A little over an hour after Ethiopian Tigist Tufa broke the tape as the women’s winner at Sunday’s London Marathon, the steady stream of clapping and audible excitement in front of Buckingham Palace erupted into a deafening roar and chants of “Thank you Paula!” as the first wave of nearly 37,000 citizen runners made their way toward the finish line.
Her head bobbing up and down in its characteristic fashion, 41-year-old Paula Radcliffe turned onto the finishing straight at The Mall early on Sunday afternoon for the final time in her unparalleled professional career, cracking an occasional smile as she waved to the thousands of appreciative spectators in attendance—2 hours, 36 minutes and 55 seconds of effort and emotion clearly visible her face.
Amid the smattering of mid-2:30-something marathoners making their way toward the finish line, Radcliffe held the hand of another runner, Robert Danson, a scene that bared no resemblance to the magical one that took place in the same location 12 years prior, when she had the entirety of the hallowed straightaway to herself, eyes locked on the finishing clock, seemingly unaware of the raucous noise filling London’s spring sky around her as she covered 26.2 miles in an eye-popping 2:15:25—a mark no woman who hasn’t failed a drug test has come within three minutes of since.
But on this chilly day in central London, 12 years and 50 seconds per mile removed from the seemingly untouchable time she ran here in 2003, rather than trying to stop time as quickly as possible, Radcliffe seemed content to savor every second of it while acknowledging the hometown crowd that has held her in the highest regard for over two decades.
“Today was special,” she told BBC Sport after the race. “It was just amazing the whole way around.”
Despite her unmatched racing résumé, Radcliffe chose not to start with the elite women’s field on Sunday. Rather, she elected to toe the line some 50 minutes later with the masses, many of whom took off from the start line well ahead of their own goal race pace in order to to share a mile or two with one of Great Britain’s greatest athletic icons. It was an uncharacteristic gesture for a woman who cemented her racing reputation by employing aggressive tactics against the fastest females in the world, but at the same time a fitting farewell for someone who made her highly anticipated—and wildly successful—marathon debut in London in 2002, sharing the road with many of these same runners, in front of these same fans.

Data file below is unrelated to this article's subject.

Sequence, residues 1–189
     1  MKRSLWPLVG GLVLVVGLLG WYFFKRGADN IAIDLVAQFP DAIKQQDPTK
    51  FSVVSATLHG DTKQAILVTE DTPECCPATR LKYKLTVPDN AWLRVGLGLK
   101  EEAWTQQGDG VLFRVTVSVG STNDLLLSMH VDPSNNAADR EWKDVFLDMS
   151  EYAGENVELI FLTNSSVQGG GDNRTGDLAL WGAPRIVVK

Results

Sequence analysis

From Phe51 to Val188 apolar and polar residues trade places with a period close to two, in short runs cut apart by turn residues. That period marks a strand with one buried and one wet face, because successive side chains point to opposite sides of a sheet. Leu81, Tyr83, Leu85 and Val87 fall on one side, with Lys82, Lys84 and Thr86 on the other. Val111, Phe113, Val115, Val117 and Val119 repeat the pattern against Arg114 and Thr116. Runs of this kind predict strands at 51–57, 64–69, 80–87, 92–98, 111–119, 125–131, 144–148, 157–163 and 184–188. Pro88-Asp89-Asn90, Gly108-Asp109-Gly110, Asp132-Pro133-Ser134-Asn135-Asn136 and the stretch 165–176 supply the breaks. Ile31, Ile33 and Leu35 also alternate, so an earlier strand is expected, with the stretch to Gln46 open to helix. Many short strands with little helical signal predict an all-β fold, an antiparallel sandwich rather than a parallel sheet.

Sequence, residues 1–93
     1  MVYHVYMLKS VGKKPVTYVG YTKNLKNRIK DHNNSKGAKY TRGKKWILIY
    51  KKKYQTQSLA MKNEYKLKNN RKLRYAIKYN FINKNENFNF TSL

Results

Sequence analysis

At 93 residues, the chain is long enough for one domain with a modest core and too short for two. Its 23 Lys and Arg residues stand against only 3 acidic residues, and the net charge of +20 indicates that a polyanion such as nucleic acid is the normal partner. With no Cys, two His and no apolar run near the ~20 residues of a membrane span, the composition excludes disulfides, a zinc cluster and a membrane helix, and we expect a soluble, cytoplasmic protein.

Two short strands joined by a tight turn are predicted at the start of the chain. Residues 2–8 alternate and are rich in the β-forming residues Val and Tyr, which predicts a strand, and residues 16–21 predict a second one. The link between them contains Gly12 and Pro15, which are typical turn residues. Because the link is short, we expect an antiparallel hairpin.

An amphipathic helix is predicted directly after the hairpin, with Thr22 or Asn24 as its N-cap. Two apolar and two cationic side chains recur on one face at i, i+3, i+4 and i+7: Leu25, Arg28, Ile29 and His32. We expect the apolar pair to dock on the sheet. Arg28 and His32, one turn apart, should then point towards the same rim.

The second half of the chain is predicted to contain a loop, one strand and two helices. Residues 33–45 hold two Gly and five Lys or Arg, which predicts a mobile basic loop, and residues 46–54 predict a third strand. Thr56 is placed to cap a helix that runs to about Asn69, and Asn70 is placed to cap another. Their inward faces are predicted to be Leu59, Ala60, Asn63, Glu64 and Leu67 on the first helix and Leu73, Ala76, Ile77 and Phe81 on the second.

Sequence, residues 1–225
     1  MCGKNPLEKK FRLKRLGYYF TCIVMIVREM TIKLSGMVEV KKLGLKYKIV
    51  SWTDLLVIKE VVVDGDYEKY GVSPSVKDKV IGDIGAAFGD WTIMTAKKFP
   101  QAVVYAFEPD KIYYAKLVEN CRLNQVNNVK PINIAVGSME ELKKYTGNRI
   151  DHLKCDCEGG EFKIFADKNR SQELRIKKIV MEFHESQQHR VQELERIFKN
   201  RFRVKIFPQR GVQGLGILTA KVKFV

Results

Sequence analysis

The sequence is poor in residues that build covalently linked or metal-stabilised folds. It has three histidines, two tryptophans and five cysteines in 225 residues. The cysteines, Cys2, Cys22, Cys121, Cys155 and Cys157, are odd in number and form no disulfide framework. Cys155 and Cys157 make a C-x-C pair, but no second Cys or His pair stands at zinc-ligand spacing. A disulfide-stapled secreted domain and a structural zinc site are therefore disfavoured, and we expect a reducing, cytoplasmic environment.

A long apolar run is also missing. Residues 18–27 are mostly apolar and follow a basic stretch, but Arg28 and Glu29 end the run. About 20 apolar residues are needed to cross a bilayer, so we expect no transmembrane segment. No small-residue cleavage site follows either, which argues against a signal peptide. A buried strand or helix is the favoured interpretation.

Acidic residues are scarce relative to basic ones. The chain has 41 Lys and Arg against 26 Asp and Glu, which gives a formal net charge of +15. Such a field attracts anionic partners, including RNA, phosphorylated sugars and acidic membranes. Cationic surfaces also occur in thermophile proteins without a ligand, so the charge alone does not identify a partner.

Although the four-time Olympian never won an Olympic medal—famously dropping out of the 2004 Olympic marathon after leading because of stomach issues—Radcliffe won the marathon at the 2005 IAAF World Championships and also claimed multiple world titles in the half marathon and cross country. She’s got three London Marathon titles to her name, an equal number of New York City Marathon wins and a victory at the Chicago Marathon as well. But it’s her world record in the marathon, which stands as a beacon of superior athletic performance in the age of doping controversies, that the world will remember her by.
Radcliffe crossed the finish line on Sunday with no one else around—not an unfamiliar scene in that very spot—tears welling up under her trademark sunglasses, a huge smile spread across her fit-looking face. There was no world record to celebrate, no fourth London Marathon win to cap off a brilliant career, but instead a mutual appreciation between the greatest female marathoner in history and the fans who supported her through it all.